On a trip to the Eastern corner of South Africa, Eloise Brink discovers the landlocked monarchy of Swaziland is filled with rich tradition, striking scenery and infinite friendliness
A tiny country with a big heart, Swaziland’s charm lies in its rich natural beauty and the kindness of its people. For South Africans, access is fairly simple, with no prior paperwork required – a simple show of your valid passport on arrival and you’re on your way. But Swaziland shouldn’t be just a detour en route to other more popular attractions such as the Kruger National Park – it’s worthy of a holiday experience all on its own.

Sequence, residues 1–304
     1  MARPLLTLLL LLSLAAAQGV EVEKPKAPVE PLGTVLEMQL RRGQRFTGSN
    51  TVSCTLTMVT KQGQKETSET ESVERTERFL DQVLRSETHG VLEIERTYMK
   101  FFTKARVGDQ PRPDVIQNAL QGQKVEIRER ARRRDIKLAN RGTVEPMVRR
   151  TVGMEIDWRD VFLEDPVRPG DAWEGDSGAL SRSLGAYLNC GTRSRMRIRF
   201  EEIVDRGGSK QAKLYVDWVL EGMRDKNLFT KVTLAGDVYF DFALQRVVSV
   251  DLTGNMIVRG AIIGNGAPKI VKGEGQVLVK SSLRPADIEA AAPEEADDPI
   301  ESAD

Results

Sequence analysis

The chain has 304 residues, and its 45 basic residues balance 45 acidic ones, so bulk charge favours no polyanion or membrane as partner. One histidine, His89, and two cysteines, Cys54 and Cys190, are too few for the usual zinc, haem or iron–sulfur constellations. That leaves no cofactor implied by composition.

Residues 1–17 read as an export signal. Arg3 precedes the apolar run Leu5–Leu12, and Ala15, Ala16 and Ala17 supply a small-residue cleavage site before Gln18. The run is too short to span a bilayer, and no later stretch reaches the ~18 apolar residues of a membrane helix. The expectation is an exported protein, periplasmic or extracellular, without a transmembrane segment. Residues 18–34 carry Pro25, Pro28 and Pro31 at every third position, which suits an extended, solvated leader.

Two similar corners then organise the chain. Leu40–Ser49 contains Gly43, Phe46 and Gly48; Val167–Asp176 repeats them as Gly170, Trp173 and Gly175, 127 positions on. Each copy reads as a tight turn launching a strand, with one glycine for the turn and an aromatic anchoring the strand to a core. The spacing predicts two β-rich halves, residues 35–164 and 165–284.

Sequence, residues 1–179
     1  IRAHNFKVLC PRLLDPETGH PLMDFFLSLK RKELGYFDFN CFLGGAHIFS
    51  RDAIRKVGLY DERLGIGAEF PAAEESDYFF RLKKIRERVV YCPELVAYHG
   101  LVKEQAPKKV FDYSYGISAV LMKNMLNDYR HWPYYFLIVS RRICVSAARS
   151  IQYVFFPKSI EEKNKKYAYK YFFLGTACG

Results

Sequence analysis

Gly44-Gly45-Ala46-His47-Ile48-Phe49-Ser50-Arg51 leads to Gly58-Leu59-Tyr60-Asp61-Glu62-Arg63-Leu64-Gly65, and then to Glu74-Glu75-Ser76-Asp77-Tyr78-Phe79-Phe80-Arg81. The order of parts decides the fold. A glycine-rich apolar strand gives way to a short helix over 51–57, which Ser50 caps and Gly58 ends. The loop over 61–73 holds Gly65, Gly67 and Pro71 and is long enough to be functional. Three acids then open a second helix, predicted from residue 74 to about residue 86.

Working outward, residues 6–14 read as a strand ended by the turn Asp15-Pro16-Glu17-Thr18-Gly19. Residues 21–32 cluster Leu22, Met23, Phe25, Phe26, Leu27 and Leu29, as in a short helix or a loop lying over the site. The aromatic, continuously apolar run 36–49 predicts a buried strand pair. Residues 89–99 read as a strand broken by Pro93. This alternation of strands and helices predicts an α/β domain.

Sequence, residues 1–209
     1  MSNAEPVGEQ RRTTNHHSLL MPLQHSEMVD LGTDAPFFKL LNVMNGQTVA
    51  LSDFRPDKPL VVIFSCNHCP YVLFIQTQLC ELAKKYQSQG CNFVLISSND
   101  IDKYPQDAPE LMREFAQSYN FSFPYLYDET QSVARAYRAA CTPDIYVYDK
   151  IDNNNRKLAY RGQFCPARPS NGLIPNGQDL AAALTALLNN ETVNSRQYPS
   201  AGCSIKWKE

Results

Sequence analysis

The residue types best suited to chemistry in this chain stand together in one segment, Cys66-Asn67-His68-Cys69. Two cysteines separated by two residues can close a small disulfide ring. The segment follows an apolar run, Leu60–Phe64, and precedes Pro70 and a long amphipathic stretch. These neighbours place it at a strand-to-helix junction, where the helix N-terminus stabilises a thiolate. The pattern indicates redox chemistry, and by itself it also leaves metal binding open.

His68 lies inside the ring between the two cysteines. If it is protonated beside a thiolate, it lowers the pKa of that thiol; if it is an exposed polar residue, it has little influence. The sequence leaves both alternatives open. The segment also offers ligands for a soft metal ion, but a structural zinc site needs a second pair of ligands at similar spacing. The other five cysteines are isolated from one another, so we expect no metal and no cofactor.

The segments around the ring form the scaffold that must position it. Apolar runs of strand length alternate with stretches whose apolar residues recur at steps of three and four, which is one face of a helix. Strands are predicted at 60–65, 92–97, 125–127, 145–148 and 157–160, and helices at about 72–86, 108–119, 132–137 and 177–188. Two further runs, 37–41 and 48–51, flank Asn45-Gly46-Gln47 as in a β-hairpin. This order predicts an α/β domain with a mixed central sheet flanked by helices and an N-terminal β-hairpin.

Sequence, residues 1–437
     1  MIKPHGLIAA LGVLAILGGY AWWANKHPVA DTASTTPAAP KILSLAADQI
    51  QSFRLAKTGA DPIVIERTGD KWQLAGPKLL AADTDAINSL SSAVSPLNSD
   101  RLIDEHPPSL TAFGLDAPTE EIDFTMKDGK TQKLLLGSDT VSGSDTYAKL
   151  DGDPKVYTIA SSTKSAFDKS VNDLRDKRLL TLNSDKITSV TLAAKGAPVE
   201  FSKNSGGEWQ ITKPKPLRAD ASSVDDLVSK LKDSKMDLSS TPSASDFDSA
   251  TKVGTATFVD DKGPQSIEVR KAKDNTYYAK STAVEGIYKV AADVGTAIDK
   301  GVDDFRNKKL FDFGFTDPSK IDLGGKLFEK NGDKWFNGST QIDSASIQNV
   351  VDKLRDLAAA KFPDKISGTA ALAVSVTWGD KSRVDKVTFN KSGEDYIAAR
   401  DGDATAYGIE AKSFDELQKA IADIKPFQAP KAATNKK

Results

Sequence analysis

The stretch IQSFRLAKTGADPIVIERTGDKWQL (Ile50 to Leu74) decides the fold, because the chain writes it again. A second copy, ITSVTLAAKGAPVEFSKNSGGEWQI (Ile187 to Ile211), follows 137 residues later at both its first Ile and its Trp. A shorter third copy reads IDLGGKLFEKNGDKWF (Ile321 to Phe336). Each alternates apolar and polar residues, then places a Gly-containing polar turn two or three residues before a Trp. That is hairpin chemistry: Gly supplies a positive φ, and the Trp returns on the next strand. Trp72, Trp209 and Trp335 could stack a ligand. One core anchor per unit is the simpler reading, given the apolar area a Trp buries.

The Swazi kingdom prides itself on heritage and culture – qualities it has in abundance – which make for a vibrant, interesting and educational visit. The royal family plays a profound role in society: every establishment honours King Mswati III and the Queen Mother by hanging photos of them on the wall.
From OR Tambo International in Joburg, the drive takes us roughly five hours. Watching Mother Nature adjust her face keeps me entertained and the baboons on the side of the road watch us as we pass. Considering the number of people our guide Banele greets along the way, he may be a celebrity in these parts. As he shares the royal surname – Dlamini – we curiously enquire about his status. He laughs it off, telling us it’s a small country, and everybody here knows everybody. And, with an overall population of only 1.25 million, it’s not difficult to believe.